Researchers at the University of Michigan are turning to big data to shed light on how humans understand and experience music. Four separate research teams will conduct projects applying data science tools, such as machine learning and data mining, to music theory, performance, social media-based music making, and the connection between words and music. Funding comes from the Data Science for Music Challenge Initiative through the Michigan Institute for Data Science (MIDAS). MIDAS is just beginning to support fledgling Data Science for Music research, and the long-term goal is to create sustained development for the research area. Projects will focus on understanding and mining patterns of audience engagement and creative collaboration in large-scale crowd-sourced music performances, understanding how the brain processes music through the Bach Trio Sonatas, the sound of text, and a computational study of patterned melodic structures across musical cultures.

4. Central New Mexico Community College
Central New Mexico Community College (CNM) has partnered with Build With Robots to introduce the fast-growing technology of collaborative robots (cobots) to New Mexico’s economy and to those interested in learning about the technology and applications of cobots. In contrast to conventional industrial robots, cobots are safer for working alongside humans to perform dangerous or repetitive work, from manufacturing tasks to painting to screw driving. They can be repurposed for new tasks easily without the need for complex coding, and they’re relatively inexpensive.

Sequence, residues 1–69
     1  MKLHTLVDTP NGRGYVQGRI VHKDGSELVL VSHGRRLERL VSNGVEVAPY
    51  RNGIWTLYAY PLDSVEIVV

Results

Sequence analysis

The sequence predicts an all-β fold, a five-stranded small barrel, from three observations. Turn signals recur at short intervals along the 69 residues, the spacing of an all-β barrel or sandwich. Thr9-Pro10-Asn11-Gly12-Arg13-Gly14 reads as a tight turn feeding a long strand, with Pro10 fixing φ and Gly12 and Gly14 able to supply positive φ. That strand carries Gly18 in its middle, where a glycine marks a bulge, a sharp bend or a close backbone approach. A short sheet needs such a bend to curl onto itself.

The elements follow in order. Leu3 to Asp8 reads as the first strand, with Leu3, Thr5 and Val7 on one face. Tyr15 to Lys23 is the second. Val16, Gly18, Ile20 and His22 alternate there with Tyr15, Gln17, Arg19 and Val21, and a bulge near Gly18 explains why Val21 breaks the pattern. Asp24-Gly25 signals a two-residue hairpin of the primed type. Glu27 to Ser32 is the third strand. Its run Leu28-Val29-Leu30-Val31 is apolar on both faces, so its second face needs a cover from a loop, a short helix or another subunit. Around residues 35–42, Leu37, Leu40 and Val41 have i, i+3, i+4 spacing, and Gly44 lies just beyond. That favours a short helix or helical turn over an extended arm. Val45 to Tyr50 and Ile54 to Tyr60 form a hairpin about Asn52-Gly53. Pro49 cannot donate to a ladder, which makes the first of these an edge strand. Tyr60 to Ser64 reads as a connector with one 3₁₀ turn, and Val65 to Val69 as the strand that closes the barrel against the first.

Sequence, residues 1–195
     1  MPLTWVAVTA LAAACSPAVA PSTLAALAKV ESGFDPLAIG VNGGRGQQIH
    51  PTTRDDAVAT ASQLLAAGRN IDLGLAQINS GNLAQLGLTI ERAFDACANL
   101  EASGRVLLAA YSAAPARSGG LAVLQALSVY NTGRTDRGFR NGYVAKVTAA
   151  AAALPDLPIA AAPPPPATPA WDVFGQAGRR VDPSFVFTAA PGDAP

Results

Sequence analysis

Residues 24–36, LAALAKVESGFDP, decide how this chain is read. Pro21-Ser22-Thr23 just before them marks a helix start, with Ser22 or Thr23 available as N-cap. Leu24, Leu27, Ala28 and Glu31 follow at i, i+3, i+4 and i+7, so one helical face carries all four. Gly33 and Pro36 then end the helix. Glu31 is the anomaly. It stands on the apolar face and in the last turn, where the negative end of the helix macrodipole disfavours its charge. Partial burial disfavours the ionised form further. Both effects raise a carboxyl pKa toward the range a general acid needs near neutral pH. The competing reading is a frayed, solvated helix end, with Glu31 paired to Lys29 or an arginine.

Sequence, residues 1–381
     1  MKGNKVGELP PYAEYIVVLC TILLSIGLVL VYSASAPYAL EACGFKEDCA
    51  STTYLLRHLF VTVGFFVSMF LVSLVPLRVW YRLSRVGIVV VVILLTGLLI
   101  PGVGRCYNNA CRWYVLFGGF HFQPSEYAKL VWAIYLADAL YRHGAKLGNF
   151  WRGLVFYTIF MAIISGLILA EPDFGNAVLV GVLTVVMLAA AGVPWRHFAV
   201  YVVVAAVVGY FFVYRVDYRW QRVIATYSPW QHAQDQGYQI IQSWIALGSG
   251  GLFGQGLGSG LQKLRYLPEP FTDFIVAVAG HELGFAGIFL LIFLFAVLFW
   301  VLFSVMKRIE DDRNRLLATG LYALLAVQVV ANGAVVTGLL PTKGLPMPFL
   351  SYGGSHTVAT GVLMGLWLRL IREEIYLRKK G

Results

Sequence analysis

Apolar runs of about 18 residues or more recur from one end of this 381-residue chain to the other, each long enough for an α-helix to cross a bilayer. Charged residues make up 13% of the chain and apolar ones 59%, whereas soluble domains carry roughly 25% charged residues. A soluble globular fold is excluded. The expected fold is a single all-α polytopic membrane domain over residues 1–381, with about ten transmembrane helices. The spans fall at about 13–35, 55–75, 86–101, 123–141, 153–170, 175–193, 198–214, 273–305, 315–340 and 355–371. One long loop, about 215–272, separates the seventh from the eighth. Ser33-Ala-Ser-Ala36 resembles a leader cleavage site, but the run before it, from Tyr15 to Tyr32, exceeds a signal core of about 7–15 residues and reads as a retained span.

Build With Robots is housed in CNM Ingenuity’s FUSE Makerspace, located in the heart of the Innovation District in downtown Albuquerque. The FUSE Makerspace provides students, entrepreneurs, small businesses, and hobbyists access to high-tech machinery and computer software to design and prototype new products, create artistic works or pursue their hobbies while working in a collaborative, supportive environment. It is outfitted with equipment for wood, metal, and machine shops; electronics fabrication; laser and vinyl cutting; 3D printing; robotics; and screen printing.

5. University of Missouri
A multi-disciplinary research team from the University of Missouri has found that after completing an MU science communication training program, STEM graduates are more likely to be successful in communicating their research to the general public. Results of a rigorous program evaluation show a significant improvement in STEM students’ confidence in communicating science and presenting findings orally. In addition, students’ survey results showed that they had more positive attitudes toward preparing presentations post-training and indicated that they would continue to use the skills they learned in the future. In a series of experiments involving a representative panel of the general public, audience members who viewed the STEM students’ presentations before and after training rated the presentations as significantly improved after the training than before and said that post presentations seemed more credible.

About the Author:

Laura Ascione

Laura Ascione is the Managing Editor, Content Services at eSchool Media. She is a graduate of the University of Maryland's prestigious Philip Merrill College of Journalism. Find Laura on Twitter: @eSN_Laura